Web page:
ADAMS, Mass. — Leah King and Wayne Gelinas, owners of 57 Park Street, plan to acquire and reopen the Miss Adams Diner this summer.
The couple, also owners of the Wigwam in North Adams, talked about their plans during a presentation last week to the Board of Selectmen about their interest in the community in which Gelinas grew up.
King said they were heartbroken when the historic dining car closed at the end of March and was put on the market. Owner Peter Oleskiewicz had reopened the diner in December 2021 but said the business hadn't been "sustainable" because of the drop off in customers during the week.
"When we found out that it was closed it was devastating because we had created so much foot traffic," King said. "There were people waiting for a seat at the diner who would come in and buy things. We opened at 8 o'clock because of overflow from the diner."
She said it was never on their radar to run a diner "but we're going to make it work. we just don't want to take a risk of another vacant building especially right next to 57 Park Street."
The couple opened the boba tea and gift shop in March after purchasing the building.
King said 57 Park has already sold nearly 3,000 beverages in its first month, being open only Saturday-Monday, and more than 1,000 baked goods. It's also created six jobs.
"That may not be a big deal for a business in New York City, or in a big town, it definitely exceeded our expectations," she said.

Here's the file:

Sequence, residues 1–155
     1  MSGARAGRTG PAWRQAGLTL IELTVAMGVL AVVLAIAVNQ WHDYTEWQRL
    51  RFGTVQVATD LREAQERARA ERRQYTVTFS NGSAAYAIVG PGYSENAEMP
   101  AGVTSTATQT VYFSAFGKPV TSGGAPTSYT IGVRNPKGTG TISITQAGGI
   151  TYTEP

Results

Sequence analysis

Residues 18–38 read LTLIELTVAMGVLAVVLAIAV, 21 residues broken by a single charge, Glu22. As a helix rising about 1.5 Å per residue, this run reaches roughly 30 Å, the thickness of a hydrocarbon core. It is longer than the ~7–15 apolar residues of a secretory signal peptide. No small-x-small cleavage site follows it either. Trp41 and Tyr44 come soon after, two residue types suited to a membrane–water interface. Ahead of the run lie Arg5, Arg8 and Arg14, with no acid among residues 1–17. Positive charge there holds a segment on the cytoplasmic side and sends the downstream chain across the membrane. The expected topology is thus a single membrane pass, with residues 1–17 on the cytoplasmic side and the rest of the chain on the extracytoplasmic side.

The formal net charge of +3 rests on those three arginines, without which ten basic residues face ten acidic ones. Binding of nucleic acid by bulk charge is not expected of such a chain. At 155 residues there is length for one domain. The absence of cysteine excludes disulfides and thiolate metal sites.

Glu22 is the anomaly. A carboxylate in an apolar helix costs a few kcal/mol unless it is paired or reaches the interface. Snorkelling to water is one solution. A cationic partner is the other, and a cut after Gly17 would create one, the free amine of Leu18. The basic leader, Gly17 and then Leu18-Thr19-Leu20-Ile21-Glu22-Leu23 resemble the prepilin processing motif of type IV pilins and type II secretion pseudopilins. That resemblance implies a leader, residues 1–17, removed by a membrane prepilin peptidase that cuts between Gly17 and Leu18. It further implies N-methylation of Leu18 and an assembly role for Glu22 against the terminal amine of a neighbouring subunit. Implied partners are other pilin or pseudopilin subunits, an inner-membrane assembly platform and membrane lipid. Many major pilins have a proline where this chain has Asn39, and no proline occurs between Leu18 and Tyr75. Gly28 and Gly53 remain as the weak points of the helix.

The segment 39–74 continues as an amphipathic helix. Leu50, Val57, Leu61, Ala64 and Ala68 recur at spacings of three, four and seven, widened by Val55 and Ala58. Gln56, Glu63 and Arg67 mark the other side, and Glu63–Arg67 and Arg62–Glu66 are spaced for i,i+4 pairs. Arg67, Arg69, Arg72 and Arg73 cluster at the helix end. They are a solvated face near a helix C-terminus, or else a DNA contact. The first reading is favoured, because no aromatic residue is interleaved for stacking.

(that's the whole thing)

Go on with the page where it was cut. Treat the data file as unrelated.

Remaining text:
There's no name yet for the diner (which has had a few names over the years) but the concept will be "Miss Adams Plus," said King.
Initial menu items include breakfast, bakery items, bread bowls for chowder and chili, sandwiches, vegan/vegetarian items, her mother's pickled cabbage, and Taipei night market/street food.
She envisions it being open seven days a week from May to December and then Friday to Sunday during the winter.
"We want to bring people to Adams, starting with Park Street," King said. "Park Street is not very inspiring right now."
She said there are lot of empty spaces on Park and that they were drawn to Adams in part by the investment being made in the Adams Theater. The couple are looking to create complementary businesses to those already existing and partner with them to revitalize the downtown, and promote local artists and endeavors.
This month, they will be opening a service window and outdoor seating at 57 Park and launching online ordering. Music events will run every Saturday from Memorial Day weekend through Columbus Day weekend.